Attack Surface
In every organisation, the number and complexity of pre-installed programs and plug-ins found on typical end-points alone provide plenty of opportunities for attack and compromise. Running as a non-admin user mainly helps to limit what a user can install and configure on the system, it does not prevent an attacker from gaining control of the user's account. A single exploitable vulnerability in one of the many installed programs (or plug-ins) is all cybercriminals need to run their malware in the context of the local user. Furthermore, as the user has access to the internal network, the malware can use the user’s account to relay attacks against other systems.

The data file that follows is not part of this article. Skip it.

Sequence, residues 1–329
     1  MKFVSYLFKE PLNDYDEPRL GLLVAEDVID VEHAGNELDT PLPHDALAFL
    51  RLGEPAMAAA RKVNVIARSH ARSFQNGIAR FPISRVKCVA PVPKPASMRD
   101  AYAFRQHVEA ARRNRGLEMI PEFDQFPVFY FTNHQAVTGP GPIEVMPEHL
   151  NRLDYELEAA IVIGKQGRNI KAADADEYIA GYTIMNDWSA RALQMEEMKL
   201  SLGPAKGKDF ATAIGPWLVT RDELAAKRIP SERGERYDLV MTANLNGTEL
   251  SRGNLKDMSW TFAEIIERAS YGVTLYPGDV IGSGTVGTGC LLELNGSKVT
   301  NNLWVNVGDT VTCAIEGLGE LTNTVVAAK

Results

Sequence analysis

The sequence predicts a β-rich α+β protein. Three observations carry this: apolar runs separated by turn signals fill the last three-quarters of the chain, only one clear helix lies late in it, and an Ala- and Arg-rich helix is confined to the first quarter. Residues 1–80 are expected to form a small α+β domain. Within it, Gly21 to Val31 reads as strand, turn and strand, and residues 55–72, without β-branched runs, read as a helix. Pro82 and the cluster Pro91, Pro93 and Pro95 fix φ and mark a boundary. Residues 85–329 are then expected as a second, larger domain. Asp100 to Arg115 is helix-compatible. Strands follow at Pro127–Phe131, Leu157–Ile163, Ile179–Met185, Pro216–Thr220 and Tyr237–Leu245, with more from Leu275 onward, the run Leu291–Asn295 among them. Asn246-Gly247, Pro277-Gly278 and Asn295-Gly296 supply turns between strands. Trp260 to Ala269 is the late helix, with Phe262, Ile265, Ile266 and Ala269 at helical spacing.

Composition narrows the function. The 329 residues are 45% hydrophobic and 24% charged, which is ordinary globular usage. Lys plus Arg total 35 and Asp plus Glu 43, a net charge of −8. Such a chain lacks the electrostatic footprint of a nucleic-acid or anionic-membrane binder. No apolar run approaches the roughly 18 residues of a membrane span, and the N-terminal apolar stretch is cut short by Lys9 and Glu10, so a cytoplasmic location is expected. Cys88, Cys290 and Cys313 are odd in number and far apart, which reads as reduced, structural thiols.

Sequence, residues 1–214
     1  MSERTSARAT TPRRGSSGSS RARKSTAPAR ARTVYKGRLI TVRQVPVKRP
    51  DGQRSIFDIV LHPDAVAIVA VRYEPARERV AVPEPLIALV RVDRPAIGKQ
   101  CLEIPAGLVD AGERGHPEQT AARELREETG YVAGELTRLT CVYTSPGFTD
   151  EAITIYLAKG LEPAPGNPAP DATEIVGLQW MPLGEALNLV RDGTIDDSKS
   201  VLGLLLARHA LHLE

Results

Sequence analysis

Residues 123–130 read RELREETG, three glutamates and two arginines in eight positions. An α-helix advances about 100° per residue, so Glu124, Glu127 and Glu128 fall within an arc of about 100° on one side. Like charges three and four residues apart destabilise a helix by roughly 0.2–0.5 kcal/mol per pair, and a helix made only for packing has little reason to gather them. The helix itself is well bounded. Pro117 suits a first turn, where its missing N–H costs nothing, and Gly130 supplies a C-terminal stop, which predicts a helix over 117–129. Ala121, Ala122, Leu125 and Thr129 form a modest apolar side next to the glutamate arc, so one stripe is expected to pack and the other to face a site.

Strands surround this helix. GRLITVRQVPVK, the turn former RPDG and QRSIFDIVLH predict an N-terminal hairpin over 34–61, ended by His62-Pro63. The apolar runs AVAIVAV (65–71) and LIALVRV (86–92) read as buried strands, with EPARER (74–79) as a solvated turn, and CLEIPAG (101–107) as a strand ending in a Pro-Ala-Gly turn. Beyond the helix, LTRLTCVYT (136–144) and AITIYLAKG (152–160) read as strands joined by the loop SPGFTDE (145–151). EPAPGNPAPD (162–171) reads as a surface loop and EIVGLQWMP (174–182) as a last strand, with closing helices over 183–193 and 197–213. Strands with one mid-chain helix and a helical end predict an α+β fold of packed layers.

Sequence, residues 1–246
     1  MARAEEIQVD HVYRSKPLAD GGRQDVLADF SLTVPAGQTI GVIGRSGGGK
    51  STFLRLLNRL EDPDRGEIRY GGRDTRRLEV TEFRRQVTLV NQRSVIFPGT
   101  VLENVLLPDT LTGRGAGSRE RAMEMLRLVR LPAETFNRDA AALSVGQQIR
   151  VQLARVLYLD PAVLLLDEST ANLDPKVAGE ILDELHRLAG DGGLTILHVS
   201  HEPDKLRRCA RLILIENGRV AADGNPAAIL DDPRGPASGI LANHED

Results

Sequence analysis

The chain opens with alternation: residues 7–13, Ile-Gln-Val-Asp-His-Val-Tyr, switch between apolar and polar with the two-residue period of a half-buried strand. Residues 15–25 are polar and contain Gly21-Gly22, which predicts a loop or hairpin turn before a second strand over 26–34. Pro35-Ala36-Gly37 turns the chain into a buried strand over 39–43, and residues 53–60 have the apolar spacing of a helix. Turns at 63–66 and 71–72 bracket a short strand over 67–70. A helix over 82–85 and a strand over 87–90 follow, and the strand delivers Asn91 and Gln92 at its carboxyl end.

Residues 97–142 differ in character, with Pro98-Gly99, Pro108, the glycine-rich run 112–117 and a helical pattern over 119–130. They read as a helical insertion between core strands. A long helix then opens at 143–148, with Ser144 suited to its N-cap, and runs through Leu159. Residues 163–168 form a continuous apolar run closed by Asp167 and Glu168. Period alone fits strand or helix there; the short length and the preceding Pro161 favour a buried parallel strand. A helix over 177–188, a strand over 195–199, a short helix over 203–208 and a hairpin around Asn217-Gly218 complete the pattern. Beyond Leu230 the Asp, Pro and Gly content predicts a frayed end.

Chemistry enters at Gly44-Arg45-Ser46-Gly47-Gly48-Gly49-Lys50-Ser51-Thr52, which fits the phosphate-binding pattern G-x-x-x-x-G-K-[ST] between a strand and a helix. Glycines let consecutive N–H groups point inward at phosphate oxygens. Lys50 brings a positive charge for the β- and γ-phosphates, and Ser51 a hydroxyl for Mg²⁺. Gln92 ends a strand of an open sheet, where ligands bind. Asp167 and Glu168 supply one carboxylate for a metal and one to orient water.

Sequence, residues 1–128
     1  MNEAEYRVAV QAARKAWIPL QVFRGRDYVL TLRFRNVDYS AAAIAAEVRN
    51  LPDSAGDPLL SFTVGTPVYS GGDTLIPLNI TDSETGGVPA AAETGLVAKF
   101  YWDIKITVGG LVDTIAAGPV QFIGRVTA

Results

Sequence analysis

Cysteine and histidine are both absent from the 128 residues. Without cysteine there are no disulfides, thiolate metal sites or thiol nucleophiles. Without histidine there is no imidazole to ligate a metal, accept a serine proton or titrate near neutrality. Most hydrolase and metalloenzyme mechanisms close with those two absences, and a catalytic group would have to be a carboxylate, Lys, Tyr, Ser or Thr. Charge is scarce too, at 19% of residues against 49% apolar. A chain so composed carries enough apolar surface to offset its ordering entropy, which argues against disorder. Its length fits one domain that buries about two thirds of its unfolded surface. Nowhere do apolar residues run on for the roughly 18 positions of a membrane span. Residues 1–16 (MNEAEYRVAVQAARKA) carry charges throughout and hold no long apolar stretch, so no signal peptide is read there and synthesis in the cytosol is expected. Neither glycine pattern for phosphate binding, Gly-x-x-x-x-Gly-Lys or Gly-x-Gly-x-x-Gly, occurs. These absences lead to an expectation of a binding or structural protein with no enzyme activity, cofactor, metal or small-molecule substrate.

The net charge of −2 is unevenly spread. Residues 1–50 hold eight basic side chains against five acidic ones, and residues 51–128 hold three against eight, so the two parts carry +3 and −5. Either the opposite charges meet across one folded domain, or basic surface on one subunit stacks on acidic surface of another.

Recent research shows that the number of vulnerabilities affecting typical end-points (with Microsoft Windows XP and the Top-50 most prevalent programs installed) increased from 225 in 2007 to 729 in 2010. From 2009 to 2010 alone a more than 70% increase in the number of vulnerabilities affecting typical end-points was recorded . This represents an enormous opportunity for cybercriminals and also helps explain why Damballa found up to 9% of the end-points in large enterprises to be bot infected, despite the implementation of best of breed security policies and perimeter protection .

Figure 1: The number of vulnerabilities affecting a typical end-point with Windows XP and the Top 50 most prevalent programs increased from 225 in 2007 to 729 in 2010, or by 71% in the last year